Huge rise in children referred to charity for sleep service

There has been a large rise of children struggling to sleep enough. Picture posed by model. Picture

There has been a large rise of children struggling to sleep enough. Picture posed by model. Picture by Getty Images. - Credit: Getty Images/iStockphoto

A charity is warning of a rising number of children referred to its sleep service.

NANSA, a Norwich-based charity which supports people with physical, sensory and learning disabilities, says the number of children referred with sleep disorders has shot up by at least 250pc in the last three years.

It comes after an investigation by BBC Panorama found the number of under-14s admitted to hospitals in England for sleep disorders had trebled in the last ten years.

That rise is felt at ground-level by NANSA - which provides a sleep service for children with disabilities and additional needs.

In 2014/15, when the service was piloted, NANSA received 26 referrals, but this number shot up to 72 in 2015/16.

And so far this year 92 referrals have been made.

The children are referred to NANSA's service from parents, carers, and GPs.

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Chris Towndrow, NANSA children and young peoples' service manager, said: 'Studies highlight that children with a learning or physical disability are one particularly high-risk group in terms of suffering increased rates of sleep disturbance.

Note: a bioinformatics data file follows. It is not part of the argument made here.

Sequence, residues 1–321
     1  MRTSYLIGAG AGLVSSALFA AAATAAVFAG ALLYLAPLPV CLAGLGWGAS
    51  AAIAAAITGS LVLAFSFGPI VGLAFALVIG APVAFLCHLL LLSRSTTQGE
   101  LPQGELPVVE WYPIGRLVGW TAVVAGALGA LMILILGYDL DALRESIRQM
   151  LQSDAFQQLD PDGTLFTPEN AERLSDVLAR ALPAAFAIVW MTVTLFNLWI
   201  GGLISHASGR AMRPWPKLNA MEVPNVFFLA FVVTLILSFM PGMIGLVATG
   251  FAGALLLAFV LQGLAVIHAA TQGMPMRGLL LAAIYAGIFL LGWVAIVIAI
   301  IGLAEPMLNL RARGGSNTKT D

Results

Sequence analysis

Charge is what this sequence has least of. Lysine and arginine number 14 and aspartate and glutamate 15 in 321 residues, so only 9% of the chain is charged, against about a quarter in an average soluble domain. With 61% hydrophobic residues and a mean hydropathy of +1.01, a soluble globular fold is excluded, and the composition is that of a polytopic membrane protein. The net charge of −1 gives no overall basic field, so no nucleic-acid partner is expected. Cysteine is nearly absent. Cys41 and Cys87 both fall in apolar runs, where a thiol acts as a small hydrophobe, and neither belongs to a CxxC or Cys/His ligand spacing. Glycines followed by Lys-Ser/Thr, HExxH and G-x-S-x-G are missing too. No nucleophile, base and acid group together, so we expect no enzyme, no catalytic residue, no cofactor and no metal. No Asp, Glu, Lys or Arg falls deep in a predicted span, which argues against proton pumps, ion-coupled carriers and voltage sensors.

'The sleep team have been astounded by the number of referrals that are coming through each week,' he added.

'The repeated absence of a good night's sleep can affect the whole family's mental health and damage children's learning and development long term.'

NANSA's sleep service is free for families with children who have learning disabilities and/or additional needs.

'We think it is vital to continue funding this service to respond to this need across the county and will be actively seeking to sustain and grow what we currently deliver in the future,' Mr Towndrow added.

Sleep services such as the one offered by NANSA provide an alternative to medication such as melatonin.

Avoiding this medication means reducing the risk of associated side-effects such as stomach-aches, bed-wetting, diarrhoea, and dizziness.

Sleep deprivation across all ages is estimated to cost the UK £40bn a year.

Mr Towndrow said NANSA is seeking more funding to keep its sleep service going, and to keep it free for disabled children.

If you would like to donate to NANSA call 01603 414109 or email

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